This exercise will take you five to ten minutes, but the awareness will be far reaching because you’re likely to expose both confidence and fear, excitement and apprehension, and perhaps you’ll even catch what I call a limiting belief. A limiting belief means a story you tell yourself about what’s possible. In writing, these limiting beliefs sound like, “I’m just not a good writer” or “I am not very interesting” or “Writing takes me forever.” Get all that stuff out, so you can embrace the winning mindset I'll introduce after the exercise, designed to beat procrastination and free you to create your best work.
Write for a few minutes on each question. Narrow in on specific experiences and especially feelings.
As you check the health of your relationship to writing, your beliefs about what’s possible will affect whatever your write. Let these beliefs wash over you for a minute. They are yours, they exist, and they represent a lot of years and a multitude of experiences. In fact, writing might be one of the oldest relationships in your life.
Now, I want you to pivot and open your mind, maybe even a little wider, to the writing process that’s helped hundreds of people let go of their fear of expectations, write better and faster, and ultimately sound smarter.
It’s based on the simple premise that writing through imperfections—spelling, grammar, sounding ridiculous, uncertainty of thoughts and phrases, can help you write faster. It also means writing in timed intervals with specific benchmarks while simultaneously avoiding corrections.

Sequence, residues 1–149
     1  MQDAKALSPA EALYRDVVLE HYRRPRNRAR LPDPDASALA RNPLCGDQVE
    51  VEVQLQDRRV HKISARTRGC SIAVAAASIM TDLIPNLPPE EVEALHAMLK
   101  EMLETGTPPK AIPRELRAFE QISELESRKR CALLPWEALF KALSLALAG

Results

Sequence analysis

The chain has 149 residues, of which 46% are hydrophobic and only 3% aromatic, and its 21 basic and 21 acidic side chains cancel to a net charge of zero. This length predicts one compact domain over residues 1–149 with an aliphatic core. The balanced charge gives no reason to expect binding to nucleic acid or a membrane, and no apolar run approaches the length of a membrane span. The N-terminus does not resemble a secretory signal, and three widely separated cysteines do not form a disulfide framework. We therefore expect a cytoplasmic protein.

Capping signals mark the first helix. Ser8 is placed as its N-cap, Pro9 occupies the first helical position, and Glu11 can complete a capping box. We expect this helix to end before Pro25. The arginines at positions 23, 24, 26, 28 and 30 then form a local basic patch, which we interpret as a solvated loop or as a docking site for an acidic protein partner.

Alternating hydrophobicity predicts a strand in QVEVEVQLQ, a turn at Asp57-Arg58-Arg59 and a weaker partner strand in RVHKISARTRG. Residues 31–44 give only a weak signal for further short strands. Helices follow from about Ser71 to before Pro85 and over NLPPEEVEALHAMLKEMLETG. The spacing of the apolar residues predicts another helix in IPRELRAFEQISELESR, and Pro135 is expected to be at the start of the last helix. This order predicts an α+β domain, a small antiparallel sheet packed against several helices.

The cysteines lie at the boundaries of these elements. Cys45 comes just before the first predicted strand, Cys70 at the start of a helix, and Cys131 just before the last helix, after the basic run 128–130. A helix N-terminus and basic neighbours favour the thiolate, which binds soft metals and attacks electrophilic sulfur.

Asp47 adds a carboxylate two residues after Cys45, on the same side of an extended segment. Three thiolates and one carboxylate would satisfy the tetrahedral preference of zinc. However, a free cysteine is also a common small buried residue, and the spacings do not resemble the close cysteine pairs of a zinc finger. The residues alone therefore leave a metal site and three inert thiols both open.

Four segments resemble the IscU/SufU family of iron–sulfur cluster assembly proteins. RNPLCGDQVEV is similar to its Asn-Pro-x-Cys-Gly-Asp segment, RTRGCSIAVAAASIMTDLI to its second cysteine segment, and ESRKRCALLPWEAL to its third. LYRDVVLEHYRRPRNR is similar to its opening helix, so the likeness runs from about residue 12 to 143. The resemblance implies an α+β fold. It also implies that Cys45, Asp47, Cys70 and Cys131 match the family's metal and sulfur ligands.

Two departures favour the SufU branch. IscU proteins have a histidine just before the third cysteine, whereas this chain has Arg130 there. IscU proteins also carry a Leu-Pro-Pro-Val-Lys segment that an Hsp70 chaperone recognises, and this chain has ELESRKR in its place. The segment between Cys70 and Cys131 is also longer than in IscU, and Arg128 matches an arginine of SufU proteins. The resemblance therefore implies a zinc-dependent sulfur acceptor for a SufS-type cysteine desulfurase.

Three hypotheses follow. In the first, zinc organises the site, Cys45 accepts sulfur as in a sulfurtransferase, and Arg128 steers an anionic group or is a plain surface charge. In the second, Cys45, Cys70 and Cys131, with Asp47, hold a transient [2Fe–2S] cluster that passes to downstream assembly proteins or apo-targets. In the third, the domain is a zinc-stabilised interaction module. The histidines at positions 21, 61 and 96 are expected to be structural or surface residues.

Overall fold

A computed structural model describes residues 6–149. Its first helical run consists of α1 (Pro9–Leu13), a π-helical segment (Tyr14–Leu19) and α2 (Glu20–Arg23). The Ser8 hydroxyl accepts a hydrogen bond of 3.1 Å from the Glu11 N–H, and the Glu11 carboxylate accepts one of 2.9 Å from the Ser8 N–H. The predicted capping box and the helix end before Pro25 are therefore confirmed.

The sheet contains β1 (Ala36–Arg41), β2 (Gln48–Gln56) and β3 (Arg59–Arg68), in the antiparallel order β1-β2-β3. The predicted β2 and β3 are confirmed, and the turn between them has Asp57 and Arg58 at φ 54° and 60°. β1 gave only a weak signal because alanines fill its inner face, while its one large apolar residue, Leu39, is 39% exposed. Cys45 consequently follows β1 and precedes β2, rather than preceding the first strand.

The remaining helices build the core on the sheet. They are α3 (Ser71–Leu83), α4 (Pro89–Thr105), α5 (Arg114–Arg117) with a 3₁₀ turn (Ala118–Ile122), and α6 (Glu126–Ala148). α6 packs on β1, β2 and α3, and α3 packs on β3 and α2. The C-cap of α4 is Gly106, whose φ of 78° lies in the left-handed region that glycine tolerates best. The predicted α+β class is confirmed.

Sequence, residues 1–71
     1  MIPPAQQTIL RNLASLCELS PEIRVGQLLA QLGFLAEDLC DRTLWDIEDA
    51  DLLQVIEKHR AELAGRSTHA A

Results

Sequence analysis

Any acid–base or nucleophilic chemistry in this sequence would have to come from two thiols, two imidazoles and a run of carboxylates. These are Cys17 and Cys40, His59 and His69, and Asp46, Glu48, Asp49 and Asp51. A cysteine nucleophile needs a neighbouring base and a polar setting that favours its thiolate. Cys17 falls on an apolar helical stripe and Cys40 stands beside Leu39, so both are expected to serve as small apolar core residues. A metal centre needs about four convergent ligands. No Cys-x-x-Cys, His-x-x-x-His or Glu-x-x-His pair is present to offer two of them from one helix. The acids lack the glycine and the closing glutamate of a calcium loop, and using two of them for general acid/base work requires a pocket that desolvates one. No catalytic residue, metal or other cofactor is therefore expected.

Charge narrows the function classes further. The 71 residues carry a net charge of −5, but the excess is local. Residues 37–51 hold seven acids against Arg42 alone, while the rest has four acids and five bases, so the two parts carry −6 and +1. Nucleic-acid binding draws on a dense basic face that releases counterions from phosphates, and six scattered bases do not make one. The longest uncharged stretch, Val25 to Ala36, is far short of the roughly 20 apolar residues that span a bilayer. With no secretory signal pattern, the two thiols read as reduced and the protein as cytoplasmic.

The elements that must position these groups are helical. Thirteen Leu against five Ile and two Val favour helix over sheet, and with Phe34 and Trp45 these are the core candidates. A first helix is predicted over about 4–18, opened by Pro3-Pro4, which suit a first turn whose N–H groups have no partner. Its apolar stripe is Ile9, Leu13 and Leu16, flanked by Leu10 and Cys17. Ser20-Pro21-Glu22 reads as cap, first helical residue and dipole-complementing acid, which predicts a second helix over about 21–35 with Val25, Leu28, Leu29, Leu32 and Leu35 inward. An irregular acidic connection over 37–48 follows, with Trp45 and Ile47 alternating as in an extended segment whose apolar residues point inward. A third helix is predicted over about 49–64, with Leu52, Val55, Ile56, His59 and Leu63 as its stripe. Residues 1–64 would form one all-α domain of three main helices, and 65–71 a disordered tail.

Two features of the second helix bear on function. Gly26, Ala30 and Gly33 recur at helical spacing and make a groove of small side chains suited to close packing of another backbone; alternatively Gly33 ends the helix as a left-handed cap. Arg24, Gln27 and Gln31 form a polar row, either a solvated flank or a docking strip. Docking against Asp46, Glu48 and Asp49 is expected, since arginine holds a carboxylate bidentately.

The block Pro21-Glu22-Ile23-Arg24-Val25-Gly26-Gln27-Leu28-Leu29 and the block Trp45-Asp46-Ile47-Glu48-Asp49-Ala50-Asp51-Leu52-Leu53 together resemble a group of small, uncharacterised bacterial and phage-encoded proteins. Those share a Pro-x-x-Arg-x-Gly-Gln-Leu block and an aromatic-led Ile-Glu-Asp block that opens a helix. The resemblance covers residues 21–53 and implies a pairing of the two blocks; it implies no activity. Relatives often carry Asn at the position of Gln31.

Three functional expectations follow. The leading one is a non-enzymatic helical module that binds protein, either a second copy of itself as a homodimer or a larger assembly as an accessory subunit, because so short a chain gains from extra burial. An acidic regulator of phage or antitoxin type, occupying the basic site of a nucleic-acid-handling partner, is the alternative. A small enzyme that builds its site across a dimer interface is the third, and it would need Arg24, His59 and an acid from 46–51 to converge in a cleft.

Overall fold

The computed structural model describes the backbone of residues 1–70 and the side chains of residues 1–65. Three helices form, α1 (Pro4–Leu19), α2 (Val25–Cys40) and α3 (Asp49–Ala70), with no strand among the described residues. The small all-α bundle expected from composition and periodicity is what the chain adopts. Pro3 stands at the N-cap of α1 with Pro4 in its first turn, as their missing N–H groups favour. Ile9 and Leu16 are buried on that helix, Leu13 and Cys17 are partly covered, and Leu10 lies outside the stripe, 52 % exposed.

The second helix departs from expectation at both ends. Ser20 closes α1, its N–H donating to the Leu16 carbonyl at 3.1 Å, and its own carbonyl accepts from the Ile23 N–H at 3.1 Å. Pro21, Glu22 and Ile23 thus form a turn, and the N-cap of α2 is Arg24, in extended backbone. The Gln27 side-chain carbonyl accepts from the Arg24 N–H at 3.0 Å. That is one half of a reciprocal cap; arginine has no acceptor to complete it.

If you want to write something great, this approach might sound a little nuts. But we can embrace writing quickly and through imperfections when our goal changes from correctness to creating content. We can also trust we’ll create a dynamite piece of writing because it’s revision and editing that ultimately make our writing soar (this is the write-better component). Revision and editing steps come later and go a lot faster when we hold them back instead of letting them interrupt the creative process. In the end, the mindset, or new narrative, I am sharing with you can unlock your ideas, jumpstart your writing, beat procrastination, and lead you to some of your best stuff. Are you ready?
Write Fast. Don’t let the finished product intimidate you. Write in ten- to fifteen-minute bursts and then evaluate. Do not evaluate as you go along—it will slow you down. If, along the way, you hear the inner voices questioning am I doing this right or is this even good or why would anyone even care about this, stop. Remind yourself of these rules.